Another week, another CSA box with an abundance of gorgeous strawberries. I'm really getting into my strawberry dessert groove over here. And I'm still in my baking groove. The kitchen abounds with cake and cake-related things (about which I'll say nothing at present--check back tomorrow afternoon), so I've felt the need for something fresh and light: not as rich-feeling as cake, but with a richness all its own.
Enter something I haven't made in a long time, but which I should really make more often: curd. It's so easy, it keeps so well, and I dare you to find a more delightful condiment than fresh, sweet-tart lemon curd. Put it on biscuits, put it on toast, put it on shortbread, put it on cake, put it on... pastry!
How can you go wrong? Even better, put it on pastry with fruit. If pastry + lemon curd = win, pastry + lemon curd + fresh strawberries must give you at least (win)^2. The only challenge is keeping yourself from gobbling up (or perhaps slurping is a better word) the curd before it can make it into the tart shell.
This is the sort of thing that I think should be part of every cook's repertoire, but it's also something that every cook seems to do a bit differently. One of the great things about curd is that it's so flexible and forgiving: there are all sorts of recipes out there, and each one calls for a slightly different ratio of eggs to juice to sugar to butter. There are recipes that use only whole eggs, those that use eggs and egg yolks, zest or no zest, and so on.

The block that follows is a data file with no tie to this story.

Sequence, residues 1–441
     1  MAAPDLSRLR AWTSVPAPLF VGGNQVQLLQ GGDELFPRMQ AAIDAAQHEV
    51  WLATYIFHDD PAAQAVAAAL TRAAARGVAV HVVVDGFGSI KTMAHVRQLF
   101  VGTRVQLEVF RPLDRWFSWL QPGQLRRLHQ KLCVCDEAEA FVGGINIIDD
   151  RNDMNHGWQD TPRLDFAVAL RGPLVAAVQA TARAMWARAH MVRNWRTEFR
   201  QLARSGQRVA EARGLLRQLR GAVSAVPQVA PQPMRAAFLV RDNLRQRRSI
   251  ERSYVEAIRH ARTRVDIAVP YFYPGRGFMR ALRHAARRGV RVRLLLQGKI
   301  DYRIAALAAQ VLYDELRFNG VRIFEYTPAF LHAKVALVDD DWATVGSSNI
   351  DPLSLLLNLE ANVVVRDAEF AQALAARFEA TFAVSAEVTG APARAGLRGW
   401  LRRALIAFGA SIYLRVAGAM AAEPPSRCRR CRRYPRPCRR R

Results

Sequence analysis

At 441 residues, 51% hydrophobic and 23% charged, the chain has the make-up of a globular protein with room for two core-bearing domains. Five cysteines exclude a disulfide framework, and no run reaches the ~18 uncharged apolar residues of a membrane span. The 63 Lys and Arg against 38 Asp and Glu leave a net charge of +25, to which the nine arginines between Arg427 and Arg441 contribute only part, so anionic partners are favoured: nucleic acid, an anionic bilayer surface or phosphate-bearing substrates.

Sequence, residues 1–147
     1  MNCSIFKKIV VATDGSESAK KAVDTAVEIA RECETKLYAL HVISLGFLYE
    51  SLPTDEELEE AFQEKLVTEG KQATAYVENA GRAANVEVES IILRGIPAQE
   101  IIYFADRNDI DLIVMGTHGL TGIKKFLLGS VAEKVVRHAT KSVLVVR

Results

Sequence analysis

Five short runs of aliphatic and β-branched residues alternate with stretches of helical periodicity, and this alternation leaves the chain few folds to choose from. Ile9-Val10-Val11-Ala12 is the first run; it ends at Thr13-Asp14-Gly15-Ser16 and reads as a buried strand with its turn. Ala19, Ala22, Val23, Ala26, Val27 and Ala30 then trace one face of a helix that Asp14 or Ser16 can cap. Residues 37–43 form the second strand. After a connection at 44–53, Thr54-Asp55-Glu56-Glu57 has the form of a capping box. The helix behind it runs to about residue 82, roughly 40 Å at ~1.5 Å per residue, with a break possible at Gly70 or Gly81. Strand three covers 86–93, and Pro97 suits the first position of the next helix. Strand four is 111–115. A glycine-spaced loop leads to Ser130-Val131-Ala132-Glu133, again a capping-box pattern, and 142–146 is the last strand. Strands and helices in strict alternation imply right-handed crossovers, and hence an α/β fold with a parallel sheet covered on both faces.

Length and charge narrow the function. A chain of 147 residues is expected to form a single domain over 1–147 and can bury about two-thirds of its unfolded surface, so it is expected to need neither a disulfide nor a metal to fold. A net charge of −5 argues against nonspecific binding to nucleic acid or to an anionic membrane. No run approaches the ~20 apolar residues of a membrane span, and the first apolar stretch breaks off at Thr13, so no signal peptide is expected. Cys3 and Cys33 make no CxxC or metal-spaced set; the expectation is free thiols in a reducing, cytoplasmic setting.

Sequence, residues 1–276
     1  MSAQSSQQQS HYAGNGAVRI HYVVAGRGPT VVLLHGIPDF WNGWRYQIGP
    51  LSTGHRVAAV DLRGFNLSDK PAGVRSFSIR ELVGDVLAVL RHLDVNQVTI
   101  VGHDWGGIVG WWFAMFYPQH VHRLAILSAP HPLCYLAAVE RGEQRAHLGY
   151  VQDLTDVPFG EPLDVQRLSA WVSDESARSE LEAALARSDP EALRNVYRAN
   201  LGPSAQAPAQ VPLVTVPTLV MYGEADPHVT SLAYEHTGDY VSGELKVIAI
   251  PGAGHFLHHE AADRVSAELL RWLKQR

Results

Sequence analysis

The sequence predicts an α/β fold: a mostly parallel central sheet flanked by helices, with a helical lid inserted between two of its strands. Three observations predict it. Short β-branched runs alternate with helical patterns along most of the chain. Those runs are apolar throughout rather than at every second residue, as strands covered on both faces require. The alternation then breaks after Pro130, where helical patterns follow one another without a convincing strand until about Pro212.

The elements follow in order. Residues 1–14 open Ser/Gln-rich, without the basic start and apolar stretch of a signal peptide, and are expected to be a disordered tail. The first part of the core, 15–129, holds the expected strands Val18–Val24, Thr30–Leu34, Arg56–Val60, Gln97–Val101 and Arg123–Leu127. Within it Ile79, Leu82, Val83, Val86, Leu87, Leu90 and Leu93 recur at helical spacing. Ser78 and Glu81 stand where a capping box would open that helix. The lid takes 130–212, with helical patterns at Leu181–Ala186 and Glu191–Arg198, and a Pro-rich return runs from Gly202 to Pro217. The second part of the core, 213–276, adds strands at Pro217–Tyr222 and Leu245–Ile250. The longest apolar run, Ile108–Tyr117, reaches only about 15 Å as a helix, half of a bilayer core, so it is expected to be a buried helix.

So, while I'm posting a recipe, it's actually more like an easygoing set of guidelines. Don't fret if you don't have exactly the right amount of juice, or even if you're missing an egg. I've used several different recipes, and they've all turned out well. The most important thing, I think, is to keep whisking. If you do that, you're golden. Recipe, such as it is, below.
I feel a little silly doing the fancy recipe formatting for this, so we'll go without this time. This recipe scales linearly, so if you want to make more, just multiply the recipe by whatever factor you need. (I made a triple batch just this week, and it's beautiful.) The only thing I would say about large batches is that you want to be extra vigilant about whisking.
This curd is rather tart, so if you like it sweeter, increase the sugar to 3/4 or even 1 cup.
Makes a little over 1 cup
2/3 cup granulated sugar
1 heaping tablespoon lemon zest
2/3 cup lemon juice
3 tablespoons butter, room temperature
Combine sugar, eggs, zest, and juice in a heat-proof bowl and whisk to combine. Set the bowl over a pot of simmering water, ensuring that the bottom of the bowl is not touching the water. Keep whisking until the curd thickens. This will happen suddenly, so be patient. You'll be thinking you've messed it up somehow, and then in the space of two seconds it goes from thin, loose soup to velvety curd.
If you'd like a more quantitative guideline for what "done" means, or if you're worried about killing yourself or your family and friends, use an instant-read thermometer to tell you when the mixture has hit 160F/71C. (This is the temperature at which salmonella are killed.)
Remove the bowl from the heat and whisk in the butter, one tablespoon at a time, until the curd is smooth.
If you like, you can pass the curd through a fine mesh strainer. This will catch any curdled bits, which can be good if you're new at this or if you need to be extra careful about the consistency, but it will also remove the lovely bits of zest. Your call.
You can serve it immediately, or you can lay a piece of plastic wrap directly on the surface of the curd and stick it in the fridge until it's thoroughly chilled. It keeps in the fridge for a week, and freezes beautifully.
From My Blogroll
Saturday, May 9, 2009